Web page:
“Man frees tiger, so the tiger can finish her fight. This does not mean that the man is finished with her,” he warns Dot.

Wayne answers politely, “We saw a tiger once at the Minneapolis Zoo, you can hear them roar from two miles away…they run like 40 miles an hour.”

“The debt must be paid, a man’s flesh was taken — now a pound is required in return,” says the grim reaper of several centuries.

Dot reasons with him, straight-up, catching flies with honey, instead of unholstering a gun: “Everyone says a debt must be paid, but what if you can’t?” she tells Ole, “If you’re too poor or lose your job? Or maybe there’s a death in the family — doesn’t that mean that the debt should be forgiven?”

Ole is stumped.

Dot then orders him: “We’re halfway to supper, it’s a school night…You either wash your hands and help, or do this another time.”

She tells the relentless murderer, “You took a job, you got hurt, you can’t be mad at the risk.”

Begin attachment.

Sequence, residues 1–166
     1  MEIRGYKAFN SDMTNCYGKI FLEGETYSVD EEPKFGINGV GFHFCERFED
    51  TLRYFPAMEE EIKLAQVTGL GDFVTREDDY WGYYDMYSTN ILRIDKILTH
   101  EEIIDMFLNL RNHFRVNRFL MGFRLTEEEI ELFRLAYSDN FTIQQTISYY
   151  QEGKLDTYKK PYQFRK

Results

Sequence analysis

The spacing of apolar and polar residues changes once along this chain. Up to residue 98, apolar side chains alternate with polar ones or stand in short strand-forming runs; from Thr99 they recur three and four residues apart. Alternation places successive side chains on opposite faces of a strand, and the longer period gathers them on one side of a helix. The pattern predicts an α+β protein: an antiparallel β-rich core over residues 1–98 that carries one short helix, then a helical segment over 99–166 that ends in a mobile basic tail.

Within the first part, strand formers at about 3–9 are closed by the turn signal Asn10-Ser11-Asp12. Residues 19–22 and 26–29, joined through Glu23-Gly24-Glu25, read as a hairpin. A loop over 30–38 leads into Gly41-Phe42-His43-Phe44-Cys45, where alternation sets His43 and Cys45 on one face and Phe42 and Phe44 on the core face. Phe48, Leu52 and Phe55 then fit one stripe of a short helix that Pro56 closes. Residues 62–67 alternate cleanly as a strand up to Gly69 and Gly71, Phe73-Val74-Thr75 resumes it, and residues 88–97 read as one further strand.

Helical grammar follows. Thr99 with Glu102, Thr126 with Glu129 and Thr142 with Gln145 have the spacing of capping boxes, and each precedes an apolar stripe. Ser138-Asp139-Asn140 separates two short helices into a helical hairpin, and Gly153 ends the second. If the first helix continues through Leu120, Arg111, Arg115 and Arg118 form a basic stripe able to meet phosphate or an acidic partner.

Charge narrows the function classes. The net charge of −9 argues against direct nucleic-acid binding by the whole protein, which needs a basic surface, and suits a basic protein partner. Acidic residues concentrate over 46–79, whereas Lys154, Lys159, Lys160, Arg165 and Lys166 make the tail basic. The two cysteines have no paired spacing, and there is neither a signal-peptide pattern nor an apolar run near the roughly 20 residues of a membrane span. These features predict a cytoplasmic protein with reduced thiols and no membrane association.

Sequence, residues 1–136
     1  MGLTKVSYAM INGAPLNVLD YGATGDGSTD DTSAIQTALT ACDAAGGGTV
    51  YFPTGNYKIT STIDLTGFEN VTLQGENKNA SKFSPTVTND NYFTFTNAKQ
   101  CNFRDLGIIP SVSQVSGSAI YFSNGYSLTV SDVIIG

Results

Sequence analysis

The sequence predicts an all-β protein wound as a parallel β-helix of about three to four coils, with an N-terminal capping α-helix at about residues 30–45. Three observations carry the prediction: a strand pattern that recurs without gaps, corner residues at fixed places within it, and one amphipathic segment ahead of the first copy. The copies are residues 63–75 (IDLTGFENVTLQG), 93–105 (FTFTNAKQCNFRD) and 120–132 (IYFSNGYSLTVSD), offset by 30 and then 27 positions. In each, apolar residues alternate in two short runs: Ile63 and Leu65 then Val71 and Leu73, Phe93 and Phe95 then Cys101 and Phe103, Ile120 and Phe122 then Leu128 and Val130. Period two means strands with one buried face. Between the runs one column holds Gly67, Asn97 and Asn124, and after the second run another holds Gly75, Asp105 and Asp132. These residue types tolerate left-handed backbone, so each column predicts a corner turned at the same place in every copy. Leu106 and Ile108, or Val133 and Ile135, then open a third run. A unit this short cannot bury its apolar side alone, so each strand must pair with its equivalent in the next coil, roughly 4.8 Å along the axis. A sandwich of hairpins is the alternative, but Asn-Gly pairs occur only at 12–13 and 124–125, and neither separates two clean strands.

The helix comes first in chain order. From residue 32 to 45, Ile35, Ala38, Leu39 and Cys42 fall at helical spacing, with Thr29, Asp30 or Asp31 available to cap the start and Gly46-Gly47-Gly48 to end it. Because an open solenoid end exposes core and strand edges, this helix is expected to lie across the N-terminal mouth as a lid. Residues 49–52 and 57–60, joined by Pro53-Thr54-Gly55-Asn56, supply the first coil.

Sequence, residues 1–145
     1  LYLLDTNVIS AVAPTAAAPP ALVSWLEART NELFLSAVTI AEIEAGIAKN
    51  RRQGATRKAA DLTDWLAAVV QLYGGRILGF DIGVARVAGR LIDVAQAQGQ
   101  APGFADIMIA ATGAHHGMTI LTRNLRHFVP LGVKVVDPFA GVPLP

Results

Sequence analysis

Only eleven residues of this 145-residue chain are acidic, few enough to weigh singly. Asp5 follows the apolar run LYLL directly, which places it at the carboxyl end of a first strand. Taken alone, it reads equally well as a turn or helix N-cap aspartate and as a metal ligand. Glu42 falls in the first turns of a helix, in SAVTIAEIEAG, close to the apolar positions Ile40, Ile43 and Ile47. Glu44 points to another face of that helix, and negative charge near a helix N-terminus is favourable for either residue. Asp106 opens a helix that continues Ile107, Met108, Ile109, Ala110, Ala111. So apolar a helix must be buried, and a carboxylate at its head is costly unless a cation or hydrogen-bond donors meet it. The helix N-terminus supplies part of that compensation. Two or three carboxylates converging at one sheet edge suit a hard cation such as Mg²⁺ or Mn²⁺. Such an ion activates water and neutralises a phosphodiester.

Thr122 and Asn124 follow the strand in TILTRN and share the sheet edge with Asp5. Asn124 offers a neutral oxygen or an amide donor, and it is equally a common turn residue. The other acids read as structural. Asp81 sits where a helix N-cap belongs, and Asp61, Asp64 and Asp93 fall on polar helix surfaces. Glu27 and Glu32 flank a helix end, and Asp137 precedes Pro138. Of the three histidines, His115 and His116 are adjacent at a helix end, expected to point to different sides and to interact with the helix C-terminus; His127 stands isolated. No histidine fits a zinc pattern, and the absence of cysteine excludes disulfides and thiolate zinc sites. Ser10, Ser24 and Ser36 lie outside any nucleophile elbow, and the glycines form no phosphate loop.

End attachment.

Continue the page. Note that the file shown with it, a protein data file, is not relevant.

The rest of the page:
“That’s like getting mad at the table you stubbed your toe on,” she schools him, reminding Ole that his mom would have done everything for him, just like Dot did to save her own daughter.

Ole then proceeds to help Dot make Bisquik biscuits for the family’s chili dinner. She shares the secret ingredients with him to make them killer: Buttermilk and honey.

Dot’s last bit of wisdom to Ole as the camera freezes on him chomping on the baked dough: “You gotta eat something made with love and joy and be forgiven.”

Fargo is always a tragedy about how people can’t communicate,” Hawley also told Deadline.

Until it’s not, in a great way. And so one of the most suspenseful seasons of Fargo ends with biscuits.